Continuing the countdown of the top 40 players on the Atlanta Falcons with the team’s 36th best player: fullback Patrick DiMarco.
To read about the methodology in how these rankings came about, you can click here.
Total Score: 42/100
Last year’s rank: 33rd
Player Grade: 47/100
Teams he is starter: 9 out of 32
Teams he is best position player: 9 out of 32
Teams he is role player: 9 out of 32
Peak-Year Bonus: +3
Positional Bonus: +2
DiMarco drops in the rankings largely thanks to the fact that less and less teams in the NFL are using fullbacks in their offense, and thus there are less teams this year than last year that he could carve out a role with. Roughly a quarter of the teams in the league don’t even really have a fullback on their rosters.
It’s a dying position and even though 26-year-old lead blocker like DiMarco could potentially play a long time in this league with another six years of peak production, it’s much more likely that the downward trend in fullback usage will only continue and DiMarco’s career will be far shorter.
After two years competently clearing holes for Falcons running backs, DiMarco faces his stiffest competition this summer in the form of Collin Mooney. When popping on the tape of both players, there’s really no major differences that one can point to to give one a clear-cut advantage. What potentially gives DiMarco the edge is the fact that he’s a bit more familiar to the coaching staff given his regular stints on special teams the past two years in Atlanta.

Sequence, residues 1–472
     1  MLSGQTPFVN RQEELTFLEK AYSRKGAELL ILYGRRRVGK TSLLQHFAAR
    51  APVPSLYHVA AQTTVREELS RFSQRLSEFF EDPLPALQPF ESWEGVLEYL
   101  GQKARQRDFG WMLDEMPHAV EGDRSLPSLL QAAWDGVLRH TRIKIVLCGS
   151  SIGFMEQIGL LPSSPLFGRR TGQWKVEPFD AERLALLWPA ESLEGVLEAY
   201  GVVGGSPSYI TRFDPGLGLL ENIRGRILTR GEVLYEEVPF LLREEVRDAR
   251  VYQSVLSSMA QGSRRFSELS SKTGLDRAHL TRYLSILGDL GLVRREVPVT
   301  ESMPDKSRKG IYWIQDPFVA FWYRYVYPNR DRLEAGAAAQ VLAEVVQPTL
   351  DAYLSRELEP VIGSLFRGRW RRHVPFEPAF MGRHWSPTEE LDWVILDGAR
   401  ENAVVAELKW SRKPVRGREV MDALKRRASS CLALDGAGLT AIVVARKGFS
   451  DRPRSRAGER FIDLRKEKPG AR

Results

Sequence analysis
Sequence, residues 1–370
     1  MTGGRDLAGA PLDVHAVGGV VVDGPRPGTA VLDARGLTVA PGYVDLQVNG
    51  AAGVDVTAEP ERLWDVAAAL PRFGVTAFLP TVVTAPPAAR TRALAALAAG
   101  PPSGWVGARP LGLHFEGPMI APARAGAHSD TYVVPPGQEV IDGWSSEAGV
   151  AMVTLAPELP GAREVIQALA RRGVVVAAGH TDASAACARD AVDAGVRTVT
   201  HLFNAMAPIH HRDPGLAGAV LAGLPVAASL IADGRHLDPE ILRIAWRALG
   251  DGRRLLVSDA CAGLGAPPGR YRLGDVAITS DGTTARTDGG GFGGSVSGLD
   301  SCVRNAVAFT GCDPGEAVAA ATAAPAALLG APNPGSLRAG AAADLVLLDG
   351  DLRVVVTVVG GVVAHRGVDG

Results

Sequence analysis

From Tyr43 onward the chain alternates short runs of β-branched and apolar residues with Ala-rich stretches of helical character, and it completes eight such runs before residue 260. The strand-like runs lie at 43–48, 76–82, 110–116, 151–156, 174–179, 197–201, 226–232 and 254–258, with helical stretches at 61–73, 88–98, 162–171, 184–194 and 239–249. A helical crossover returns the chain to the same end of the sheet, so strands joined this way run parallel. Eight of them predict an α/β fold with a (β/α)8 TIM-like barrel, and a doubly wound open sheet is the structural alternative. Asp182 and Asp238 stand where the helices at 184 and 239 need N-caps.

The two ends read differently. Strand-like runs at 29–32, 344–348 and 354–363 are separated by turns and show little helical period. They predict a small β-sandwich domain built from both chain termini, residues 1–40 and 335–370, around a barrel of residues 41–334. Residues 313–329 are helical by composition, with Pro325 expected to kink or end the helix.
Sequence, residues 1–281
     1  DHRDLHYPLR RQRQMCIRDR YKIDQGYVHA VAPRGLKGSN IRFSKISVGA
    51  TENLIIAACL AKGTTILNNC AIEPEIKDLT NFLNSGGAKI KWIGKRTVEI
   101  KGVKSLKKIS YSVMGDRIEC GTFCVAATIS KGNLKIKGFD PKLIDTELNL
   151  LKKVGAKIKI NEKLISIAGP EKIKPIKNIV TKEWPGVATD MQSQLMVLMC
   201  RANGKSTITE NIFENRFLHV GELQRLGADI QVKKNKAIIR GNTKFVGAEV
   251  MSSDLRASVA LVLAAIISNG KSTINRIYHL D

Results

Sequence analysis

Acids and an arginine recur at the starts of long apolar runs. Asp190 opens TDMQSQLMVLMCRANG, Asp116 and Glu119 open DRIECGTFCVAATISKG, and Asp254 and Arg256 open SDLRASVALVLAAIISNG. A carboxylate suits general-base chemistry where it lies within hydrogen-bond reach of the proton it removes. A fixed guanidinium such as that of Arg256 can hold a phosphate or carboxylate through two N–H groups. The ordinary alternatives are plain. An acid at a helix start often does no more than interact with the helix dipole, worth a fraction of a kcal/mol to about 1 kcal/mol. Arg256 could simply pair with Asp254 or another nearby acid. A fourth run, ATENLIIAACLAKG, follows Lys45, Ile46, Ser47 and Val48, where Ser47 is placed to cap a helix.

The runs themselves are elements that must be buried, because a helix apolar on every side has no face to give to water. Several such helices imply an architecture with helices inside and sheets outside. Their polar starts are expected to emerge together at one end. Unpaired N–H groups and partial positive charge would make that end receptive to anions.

While DiMarco manages to get the job done, he ranks as a below-average player at his position. Basically he’s good enough to earn a job, but not quite good enough where you expect him to keep it long-term. Even should DiMarco manage to retain his spot atop the depth chart at fullback this summer, he’ll likely face equally stiff competition again next summer. Realistically DiMarco will always be peering over his shoulder at his potential replacement.
Not unless he can show that the past two years were merely a warmup and that somehow with the new zone-blocking scheme being installed in Atlanta, he suddenly blossoms into a above-average to good lead blocker. That certainly is possible, but it’s more probable that eventually the Falcons will stumble upon a better blocker, receiver or special teams player that will take the job from DiMarco. But until then, DiMarco can only do what he’s done the past two seasons in Atlanta, and do his best to contribute in any capacity asked of him.